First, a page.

Solitary herb with an often abundantly branched, mainly vertical caudex. Caudex branches ending in leaf rosettes at ground level. Rosette groups up to 10 cm in diameter but usually much smaller. Flowering stems dark green or purple, 1–several from rosettes, 0.5–3(4) cm, usually with 1 small stem leaf subtending a not developing flower bud or a single flower well below the main inflorescence. The entire plant is glabrous.
Leaves alternate. Basal leaves usually 3 per rosette, 5–15 mm long with a slightly winged petiole 2.5–8 mm and a blade 2.5–7 × 1–3 mm, oblong to ovate, obtuse to rounded, entire, dark green.
Inflorescence a short raceme, 0.7–1.0 × 0.7–1.0 cm in flowering stage, with 1–4(5) ebracteate flowers, elongating moderately in fruiting stage.
Flowers on pedicels ca. 2 mm, radially symmetric, 5–6 mm in diameter, with 4 free sepals and petals. Sepals ca. 2 × 0.8–1.0 mm, ovate, obtuse to rounded, purple with narrow, white hyaline margins. Petals 2.8–3.2 × 1.0–1.4 mm, about twice as long as sepals, non-overlapping, spathulate, with narrow claw, apex rounded or slightly notched, white. Stamens 6; filaments 1.6–2.0 mm, 2 of the 6 filaments flattened; anthers ca. 0.3 mm. Gynoecium of 2 carpels with 2 rooms separated by a secondary, hyaline wall.
Fruit a siliqua on pedicels 2–5 mm, narrow, 10–20 × 1–1.5 mm, not flattened, purple or dark green, with 2 rooms and 1 row of seeds in each room. Seeds 5–8 per room, 1.0–1.2 mm, brown.
Sexual reproduction by seeds; no vegetative reproduction. Adapted to insect pollination but we assume that self pollination prevails. Seed production in Svalbard abundant and little damaged by weather.
Seed dispersal passive; no adaptation to any special ways of dispersal except that the valves open ‘explosively’ and spread the seeds a few cm.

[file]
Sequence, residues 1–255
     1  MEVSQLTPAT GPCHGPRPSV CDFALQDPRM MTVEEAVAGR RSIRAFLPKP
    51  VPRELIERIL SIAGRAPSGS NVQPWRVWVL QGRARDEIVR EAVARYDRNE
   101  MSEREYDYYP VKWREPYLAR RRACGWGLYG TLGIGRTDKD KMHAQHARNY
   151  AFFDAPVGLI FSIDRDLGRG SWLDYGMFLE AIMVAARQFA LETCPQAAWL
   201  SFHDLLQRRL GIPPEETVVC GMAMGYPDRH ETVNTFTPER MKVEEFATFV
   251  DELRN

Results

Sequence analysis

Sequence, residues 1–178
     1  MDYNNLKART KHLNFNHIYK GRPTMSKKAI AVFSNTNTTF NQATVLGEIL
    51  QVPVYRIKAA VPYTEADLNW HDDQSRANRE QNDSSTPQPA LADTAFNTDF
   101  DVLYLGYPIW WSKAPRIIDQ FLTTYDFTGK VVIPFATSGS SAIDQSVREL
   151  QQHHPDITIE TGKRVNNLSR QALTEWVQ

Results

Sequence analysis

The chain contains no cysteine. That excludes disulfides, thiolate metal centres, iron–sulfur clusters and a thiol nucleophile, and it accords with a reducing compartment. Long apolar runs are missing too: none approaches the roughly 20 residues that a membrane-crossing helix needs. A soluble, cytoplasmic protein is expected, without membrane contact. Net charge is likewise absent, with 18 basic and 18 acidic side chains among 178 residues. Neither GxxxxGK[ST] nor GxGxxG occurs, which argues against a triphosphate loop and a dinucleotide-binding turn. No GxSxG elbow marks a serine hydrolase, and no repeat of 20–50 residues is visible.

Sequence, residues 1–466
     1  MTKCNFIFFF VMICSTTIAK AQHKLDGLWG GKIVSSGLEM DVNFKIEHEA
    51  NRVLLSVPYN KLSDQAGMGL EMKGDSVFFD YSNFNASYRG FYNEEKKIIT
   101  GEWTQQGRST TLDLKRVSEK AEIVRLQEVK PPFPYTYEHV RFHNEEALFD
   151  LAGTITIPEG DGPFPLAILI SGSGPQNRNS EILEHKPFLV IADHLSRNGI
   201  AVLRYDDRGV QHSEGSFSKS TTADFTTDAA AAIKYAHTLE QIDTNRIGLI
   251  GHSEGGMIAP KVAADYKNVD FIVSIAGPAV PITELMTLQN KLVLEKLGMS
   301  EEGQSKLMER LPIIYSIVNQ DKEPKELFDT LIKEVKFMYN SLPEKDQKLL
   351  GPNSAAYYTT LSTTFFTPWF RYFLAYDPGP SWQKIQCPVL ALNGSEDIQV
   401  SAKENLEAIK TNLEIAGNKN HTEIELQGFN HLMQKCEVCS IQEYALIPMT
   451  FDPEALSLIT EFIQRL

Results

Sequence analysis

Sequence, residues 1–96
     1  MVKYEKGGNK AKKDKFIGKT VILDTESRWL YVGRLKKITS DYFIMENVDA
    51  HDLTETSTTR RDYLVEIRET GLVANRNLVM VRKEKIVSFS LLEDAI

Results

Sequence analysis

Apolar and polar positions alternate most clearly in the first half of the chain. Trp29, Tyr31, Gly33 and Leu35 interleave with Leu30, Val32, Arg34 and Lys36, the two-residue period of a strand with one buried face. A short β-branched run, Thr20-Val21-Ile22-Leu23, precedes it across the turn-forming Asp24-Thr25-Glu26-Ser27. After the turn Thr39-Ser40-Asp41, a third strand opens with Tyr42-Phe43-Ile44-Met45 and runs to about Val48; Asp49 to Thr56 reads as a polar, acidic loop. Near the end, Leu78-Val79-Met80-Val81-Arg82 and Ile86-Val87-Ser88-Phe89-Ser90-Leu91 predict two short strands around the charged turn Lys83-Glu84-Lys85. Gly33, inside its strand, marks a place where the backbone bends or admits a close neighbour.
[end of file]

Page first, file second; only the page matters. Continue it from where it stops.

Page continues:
Cardamine bellidifolia can be mistaken for Braya, Cochlearia, Eutrema, and white-flowered species of Draba. It differs from Braya and all white-flowered Draba in being glabrous, from Draba in addition by the narrowly linear fruits. It differs from Cochlearia also in the very narrow fruits and the shape of leaves (short and broad in Cochlearia). The most similar may be Eutrema edwardsii. In Cochlearia nearly all leaves are basal and the fruits are linear and congested in the short infrutescence; in Eutrema most leaves are cauline and the fruits are tapering towards the apex and sit in an elongated infrutescence.
Mainly on open and moist to wet mineral soils but also in moss tundra. Cardamine bellidifolia is adapted to short growing season and therefore relatively common in snowbeds. Other common site types are river banks and fresh moraines. The species is probably moderately acidophilic and less common in areas with alkaline soils.
Present in all zones and sections. Occurring occasionally or as relatively common in local areas on all the major islands of Svalbard but never in large amounts. Occurrence of C. bellidifolia is known to increase with altitude up to ca. 400 m a.s.l., with altitude limit at 845 m on Gattyfjellet.
This is a widely distributed arctic-alpine circumpolar plant known from all arctic regions and reaching far south in mountains in the boreal and temperate zones.
Even if very widely distributed in the entire Arctic and in many more southern mountains, C. bellidifolia has its only close relatives in the mountains of C and S Europe (C. alpina Willd. and C. resedifolia L.). These three species constitute a very distinct clade in an ITS Cardamine phylogeny (Carlsen et al. 2009). In Svalbard, it is an uncommonly uniform species.
Carlsen, T., Bleeker, W., Hurka, H., Elven, R. & Brochmann, C. 2009. Biogeography and phylogeny of Cardamine (Brassicaceae). – Annals of the Missouri Botanical Garden 96: 215–236.